Despite a lot of ducking and weaving by Morrison and Shorten about whether or not to have a "prime time debate", when, where, and how, it finally happened on the ABC for just one hour on Wednesday evening.
The two previous debates had been held at non-prime events, at odd hours, and covered on TV channels with paltry audiences - the first in Perth, at 5pm their time, covered on a secondary Seven Channel, and the second afternoon in Brisbane, covered on Sky.
The main test of the value of a debate is whether voters "learned much", and whether the performances would "change many votes". I doubt either applied. Shorten was given a "marginal win" in the two earlier debates by a small audience assessment, Morrison was much better in the third, but overall still hard to judge.
There were two problems. First, neither leader is popular - both have had consistent negative satisfaction ratings in the polls, although Morrison has maintained a variable edge over Shorten as "preferred PM". Second, both went to great lengths to avoid supplying much detail as to their "policies", sticking tightly to their well-crafted slogans and attempted sound bites.
The almost persistent repetition of these slogans, and what seemed an inability to answer direct questions, especially the failure to supply detail, made viewing frustrating and disappointing. I am sure to many voters the drone of jargon and verbiage made the whole experience mostly noise and a blur.
In my experience election campaigning has been "dumbed down", which misses the shift in voter expectations. Voters want and expect to be "told more", especially as so many increasingly important issues have been left to drift, issues such as the immediate costs of living, and longer-term issues like climate change.
Voters have become increasingly disenchanted with politics and politicians, feeling neglected, forgotten, at least taken for granted. They have lost trust and belief. So, there has been a sustained fall in the combined support for the two major parties - now in the 70 per cent range, when it used to be in the 90 per cent range - and record rates of pre-polls as voters increasingly ignore the campaigns and vote early, having made up their minds over a longer period of time. Informal votes have also been increasing.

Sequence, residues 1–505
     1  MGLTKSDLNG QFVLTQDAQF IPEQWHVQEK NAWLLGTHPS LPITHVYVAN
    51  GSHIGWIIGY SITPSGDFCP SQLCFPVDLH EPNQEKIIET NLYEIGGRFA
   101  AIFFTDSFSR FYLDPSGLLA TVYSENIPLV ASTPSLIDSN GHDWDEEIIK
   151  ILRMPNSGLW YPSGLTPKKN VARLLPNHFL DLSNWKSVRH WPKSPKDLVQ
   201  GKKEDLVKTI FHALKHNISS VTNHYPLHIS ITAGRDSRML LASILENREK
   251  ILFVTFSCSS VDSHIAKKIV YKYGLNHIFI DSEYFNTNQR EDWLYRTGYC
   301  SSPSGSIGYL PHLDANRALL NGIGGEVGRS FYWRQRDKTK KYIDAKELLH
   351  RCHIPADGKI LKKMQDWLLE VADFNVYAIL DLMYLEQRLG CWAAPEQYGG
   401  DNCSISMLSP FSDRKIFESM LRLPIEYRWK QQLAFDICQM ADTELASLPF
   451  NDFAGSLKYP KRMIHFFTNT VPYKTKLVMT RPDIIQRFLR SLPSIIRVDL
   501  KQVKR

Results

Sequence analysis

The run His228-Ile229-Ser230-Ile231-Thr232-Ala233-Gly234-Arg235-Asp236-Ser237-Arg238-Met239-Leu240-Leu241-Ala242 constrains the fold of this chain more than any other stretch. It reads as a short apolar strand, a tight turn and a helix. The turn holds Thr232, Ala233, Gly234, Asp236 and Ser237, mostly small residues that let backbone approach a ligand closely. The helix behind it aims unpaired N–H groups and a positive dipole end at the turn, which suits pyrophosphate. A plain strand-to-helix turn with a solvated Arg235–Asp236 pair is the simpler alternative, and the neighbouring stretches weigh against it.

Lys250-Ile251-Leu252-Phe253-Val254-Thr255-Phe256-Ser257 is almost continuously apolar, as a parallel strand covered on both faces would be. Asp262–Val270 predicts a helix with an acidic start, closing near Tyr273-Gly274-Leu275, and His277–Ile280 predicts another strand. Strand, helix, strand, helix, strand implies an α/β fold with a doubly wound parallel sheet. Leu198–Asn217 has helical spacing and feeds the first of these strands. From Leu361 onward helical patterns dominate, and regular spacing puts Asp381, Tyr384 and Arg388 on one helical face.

In my time, we campaigned continuously every day, with events from early morning to late evening, sometimes with considerable travel within the day - indeed, we "graded" our days as two-, three- or four-city days.
... I had dozens and dozens of eggs thrown at me at my regular campaign rallies ...
Campaigns today, relying much more on social media, are virtually built around a single late-morning "event" at which the daily message, usually with more spending committed, is delivered, and media questioning is kept to a minimum. They may add a few other tight media appearances, especially when they need to respond to some unfolding issue. But that's largely it these days.
On a lighter note, I noted the feigned "outrage" and "indignation" this week about the attempted "egging" of Morrison, when an egg, badly thrown, bounced over his skull without breaking. I particularly noted Shorten's denial that this could have been instigated by a "union" - we don't stoop so low as this sort of thing! Yet, I had dozens and dozens of eggs thrown at me at my regular campaign rallies, mostly quite clearly union organised and sanctioned, and probably including from Bill's union in those days.
I remember one rally in Brisbane with some 15,000 in attendance where it "got a bit rough", where we were forced to stand on boxes on the back of a truck, as the unions had refused to erect the promised elevated podium. Among the egg melee, I actually caught an egg unbroken, elevated within two fingers, a photo of which appeared widely the next day in the print media, as well as on television. Of course, my not so supportive media said I had been "practising". No outrage, nor indignation, just all fair game in a then campaign.
I doubt the campaign will make much difference to how people vote this time - indeed they mostly don't. To many voters they are being forced to make a choice between the lesser of "two evils", and they know that when the choice has been made, and a "winner" declared, they will then have to live with the "evil of two lesser", with more poor government, not dealing with their important issues.
John Hewson is a professor at the Crawford School of Public Policy, ANU, and a former Liberal opposition leader.